In 1996, the Florida Supreme Court held that: (1) ministerial actions taken by CAMs which do not require significant legal expertise and interpretation do not constitute the unauthorized practice of law, such as completing various forms and drafting of notices, but (2) CAMs would violate the bar against the unauthorized practice of law by drafting documents requiring a legal description of property or establishing rights of the community association by making determinations and drafting documents requiring interpretations of statutes and various rules, or by giving advice as to the legal consequences of taking certain courses of action.
The topic of the unauthorized practice of law as it pertains to professional advisors assisting volunteer boards across Florida is certainly worthy of discussion. However, the lengthy list of items being debated by the UPL Committee suggests that there might be a real disconnect between what constitutes "practicing law" and what constitutes "following the law".
Practicing law is generally understood as "appearing before courts," and includes "giving legal advice and counsel to others as to their rights and obligations under the law and the preparation of legal instruments including contracts...etc"
Shouldn't the distinction between following the law as opposed to practicing it be crafted in a common sense fashion? "Determination of affirmative votes" or "Approving new owner documents" can usually be categorized as following the law and the association’s particular governing documents, and is quite different from drafting a document amendment, preparing a lien or a pre-arbitration demand letter.
If there is ambiguity or confusion on whether or not the activity is ministerial or legal, then obtaining advice from a Florida attorney in good standing would be prudent and should be required. In the absence of any such ambiguity or confusion, however, a volunteer board and its manager should be allowed to evaluate the risk/reward in the specific approach/decision that is being considered and proceed in the best interests of the association membership.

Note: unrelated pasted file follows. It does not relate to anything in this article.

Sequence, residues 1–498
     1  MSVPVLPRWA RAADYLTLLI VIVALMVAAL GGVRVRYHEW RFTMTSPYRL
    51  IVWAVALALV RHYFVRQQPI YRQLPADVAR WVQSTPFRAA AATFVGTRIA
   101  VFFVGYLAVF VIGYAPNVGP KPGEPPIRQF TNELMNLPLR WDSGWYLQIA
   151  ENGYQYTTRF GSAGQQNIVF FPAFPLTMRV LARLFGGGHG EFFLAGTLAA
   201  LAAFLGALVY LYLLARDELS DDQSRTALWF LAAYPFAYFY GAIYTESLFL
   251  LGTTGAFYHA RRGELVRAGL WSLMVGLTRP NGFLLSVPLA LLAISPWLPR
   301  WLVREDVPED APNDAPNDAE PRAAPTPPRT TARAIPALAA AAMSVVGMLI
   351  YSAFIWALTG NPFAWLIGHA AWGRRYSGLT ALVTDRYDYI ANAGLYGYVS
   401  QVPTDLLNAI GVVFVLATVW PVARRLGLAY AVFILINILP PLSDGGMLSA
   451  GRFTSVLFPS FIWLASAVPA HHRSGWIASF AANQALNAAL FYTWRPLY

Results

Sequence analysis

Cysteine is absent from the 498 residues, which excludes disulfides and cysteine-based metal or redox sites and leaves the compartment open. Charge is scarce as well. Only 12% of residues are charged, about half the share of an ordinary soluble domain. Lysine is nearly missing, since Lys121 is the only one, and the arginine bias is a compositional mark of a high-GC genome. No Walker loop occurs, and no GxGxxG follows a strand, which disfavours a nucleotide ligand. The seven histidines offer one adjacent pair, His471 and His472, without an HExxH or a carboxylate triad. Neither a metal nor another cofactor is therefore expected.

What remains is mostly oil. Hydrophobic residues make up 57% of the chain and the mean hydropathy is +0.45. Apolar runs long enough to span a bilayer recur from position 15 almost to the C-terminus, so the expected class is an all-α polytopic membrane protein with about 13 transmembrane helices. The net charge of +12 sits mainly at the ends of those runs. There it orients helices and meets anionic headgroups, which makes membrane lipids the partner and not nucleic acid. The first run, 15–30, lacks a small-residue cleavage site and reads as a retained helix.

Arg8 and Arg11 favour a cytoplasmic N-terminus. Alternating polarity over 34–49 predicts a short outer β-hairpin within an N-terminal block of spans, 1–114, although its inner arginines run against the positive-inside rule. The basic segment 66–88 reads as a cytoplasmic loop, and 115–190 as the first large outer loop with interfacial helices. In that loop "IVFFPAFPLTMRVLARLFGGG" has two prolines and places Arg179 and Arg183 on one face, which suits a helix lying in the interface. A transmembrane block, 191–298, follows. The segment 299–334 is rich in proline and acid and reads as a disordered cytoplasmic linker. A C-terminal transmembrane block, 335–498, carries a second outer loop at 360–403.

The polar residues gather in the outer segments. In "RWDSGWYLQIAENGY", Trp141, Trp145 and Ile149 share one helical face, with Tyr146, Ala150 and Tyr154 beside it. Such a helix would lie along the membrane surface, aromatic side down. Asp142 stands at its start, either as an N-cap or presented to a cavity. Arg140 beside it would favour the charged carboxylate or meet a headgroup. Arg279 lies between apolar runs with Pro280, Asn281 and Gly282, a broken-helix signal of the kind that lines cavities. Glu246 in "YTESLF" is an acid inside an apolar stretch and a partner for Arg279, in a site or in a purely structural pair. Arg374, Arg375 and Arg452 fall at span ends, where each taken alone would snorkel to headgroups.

It appears to be in the best interests of common interest ownership communities throughout Florida to allow reasonable and capable licensed CAMs and Board members to exercise common sense and judgment in each particular situation when the contemplated activity constitutes “following the law” as opposed to practicing it. Having to run to an attorney to tell you how many owners are needed to pass an amendment when the answer can be found quite simply in many instances can either be categorized as overkill or territorialism on the part of some attorneys pushing for these changes.
It would not be in the best interests of common interest ownership communities to create an arbitrary or petty list of "activities or decisions" that must have a legal opinion. More than half of the state’s approximately 60,000 community associations have fewer than 50 units or lots. The UPL Committee should bear in mind the potential economic impact of its ultimate decision on these small associations should these boards feel they cannot act without the benefit of legal counsel on daily operational matters and thus, refrain from acting altogether to their communities’ detriment.